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In men, we know what it looks like — difficulty getting an erection, keeping an erection, or coming too soon. I put all that under the umbrella term of 'sexual performance anxiety. And why do we feel sexual performance anxiety? Here, the matters get a little more complex, but to simplify: we tend to become insecure about how well we do in bed or what we may look like to our partners, or we may simply be daunted by the idea of becoming so intimate with someone.

In some cases, sexual performance anxiety stems from a past traumatic experience — perhaps related to sexual violence. If that is your situation, please do not hesitate to seek out specialist advice. But, in most cases — as sex educator Amy Jo Goddard explains — this response is conditioned by the way in which we were brought up to think about certain aspects of sex and our own bodies, and by social expectations that impact our relationship with our own sexuality. Below, we give you some tips about how to tackle these moments of uncertainty and worry both before and during sexual encounters, so you can enjoy a happier, healthier sex life.

Body image is often an important factor in achieving a healthy sex life. If we feel insecure about the way that our body looks, we may worry about whether or not our partner finds us attractive.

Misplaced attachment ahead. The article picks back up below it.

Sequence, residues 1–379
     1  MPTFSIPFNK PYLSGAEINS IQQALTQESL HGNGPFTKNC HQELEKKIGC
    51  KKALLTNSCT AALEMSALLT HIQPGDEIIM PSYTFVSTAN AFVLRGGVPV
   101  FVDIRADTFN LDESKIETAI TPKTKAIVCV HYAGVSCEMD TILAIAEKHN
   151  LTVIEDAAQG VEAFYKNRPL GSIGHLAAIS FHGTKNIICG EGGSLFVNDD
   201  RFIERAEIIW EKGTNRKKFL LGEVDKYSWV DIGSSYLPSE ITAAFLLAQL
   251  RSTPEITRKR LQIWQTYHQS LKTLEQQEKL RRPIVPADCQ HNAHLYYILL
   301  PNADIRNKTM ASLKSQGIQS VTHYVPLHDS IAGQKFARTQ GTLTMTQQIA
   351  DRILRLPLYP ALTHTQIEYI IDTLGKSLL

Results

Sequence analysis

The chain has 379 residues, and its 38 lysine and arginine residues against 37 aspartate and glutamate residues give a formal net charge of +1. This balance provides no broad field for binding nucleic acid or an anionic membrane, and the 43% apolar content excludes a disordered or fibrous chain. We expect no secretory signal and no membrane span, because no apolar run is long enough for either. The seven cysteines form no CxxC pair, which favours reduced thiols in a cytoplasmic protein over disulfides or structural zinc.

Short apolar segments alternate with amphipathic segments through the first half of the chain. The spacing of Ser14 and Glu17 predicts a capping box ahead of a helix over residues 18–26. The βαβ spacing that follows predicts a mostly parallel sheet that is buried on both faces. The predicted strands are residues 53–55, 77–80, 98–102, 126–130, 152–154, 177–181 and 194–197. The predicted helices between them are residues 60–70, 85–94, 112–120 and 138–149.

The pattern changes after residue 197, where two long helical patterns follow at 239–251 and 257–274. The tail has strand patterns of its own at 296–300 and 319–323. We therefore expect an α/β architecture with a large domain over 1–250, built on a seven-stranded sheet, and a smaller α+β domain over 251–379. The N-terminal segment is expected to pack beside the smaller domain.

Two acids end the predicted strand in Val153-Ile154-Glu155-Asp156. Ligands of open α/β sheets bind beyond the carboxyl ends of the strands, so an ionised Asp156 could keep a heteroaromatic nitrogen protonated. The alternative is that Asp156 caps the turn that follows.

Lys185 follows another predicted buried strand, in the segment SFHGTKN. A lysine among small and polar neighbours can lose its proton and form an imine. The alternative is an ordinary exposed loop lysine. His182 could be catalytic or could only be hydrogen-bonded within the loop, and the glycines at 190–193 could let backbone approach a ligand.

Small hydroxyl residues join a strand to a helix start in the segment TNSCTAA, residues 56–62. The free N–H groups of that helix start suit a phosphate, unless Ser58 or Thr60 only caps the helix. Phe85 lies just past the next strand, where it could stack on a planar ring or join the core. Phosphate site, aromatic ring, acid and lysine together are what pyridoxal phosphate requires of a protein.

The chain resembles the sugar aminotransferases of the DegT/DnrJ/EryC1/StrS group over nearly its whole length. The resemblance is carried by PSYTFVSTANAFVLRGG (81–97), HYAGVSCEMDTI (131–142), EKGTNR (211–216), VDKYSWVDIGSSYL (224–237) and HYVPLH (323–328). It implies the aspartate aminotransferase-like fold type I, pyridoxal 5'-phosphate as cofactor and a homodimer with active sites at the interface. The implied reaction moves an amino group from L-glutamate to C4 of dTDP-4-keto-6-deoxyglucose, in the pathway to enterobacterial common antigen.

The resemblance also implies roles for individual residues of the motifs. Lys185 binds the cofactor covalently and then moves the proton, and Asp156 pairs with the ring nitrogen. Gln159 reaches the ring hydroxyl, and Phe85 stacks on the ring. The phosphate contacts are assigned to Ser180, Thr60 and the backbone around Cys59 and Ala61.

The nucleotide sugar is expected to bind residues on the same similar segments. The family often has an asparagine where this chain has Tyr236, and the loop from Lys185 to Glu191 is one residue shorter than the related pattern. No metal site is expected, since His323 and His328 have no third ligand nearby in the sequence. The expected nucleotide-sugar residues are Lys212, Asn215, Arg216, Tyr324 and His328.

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This, needless to say, is not at all conducive to enjoyment. Studies have noted that a significant number of men and women have body image issues, which might lead to all manner of anxieties when the time comes to slip between the sheets with that special person.

A way of having sex with everyone.

For instance, a study published in the Journal of Sex Research found that about a third of college women feel unhappy with how their body looks, and that this self-consciousness was detrimental to enjoying their time in bed with a partner. Other research — that studied young men enrolled in the military — found that more than a third of the participants had a poor image of their own genitalia, which often led to erectile dysfunction. So, what can be done if you're worried that your body isn't "supermodel quality," whatever that may mean?

According to sex educator and researcher Emily Nagoski, you should take steps to get comfortable in your skin by actively acknowledging everything you like about your body — repeatedly. She advises doing the following exercise. You're going to look at what you see there, and you're going to write down everything you see that you like.

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Another obstacle that may be contributing to your sexual performance anxiety — although you may not like to hear this — is simply a lack of appropriate sex education. This doesn't necessarily mean that you don't yet know which bits go where, but perhaps that you haven't been fully prepared for the realities of a sexual encounter.

The reality is that everyone functions differently and has different needs. Maybe you're not sure about the techniques of achieving — or giving — pleasure. Or, perhaps you've heard myths about pregnancy, or how your body is "supposed" to react during sex. If you have any worries at all about sex, it may be worth speaking to a healthcare professional to get reassurance, reading a book or two exploring this topic, or joining workshops led by sex educators.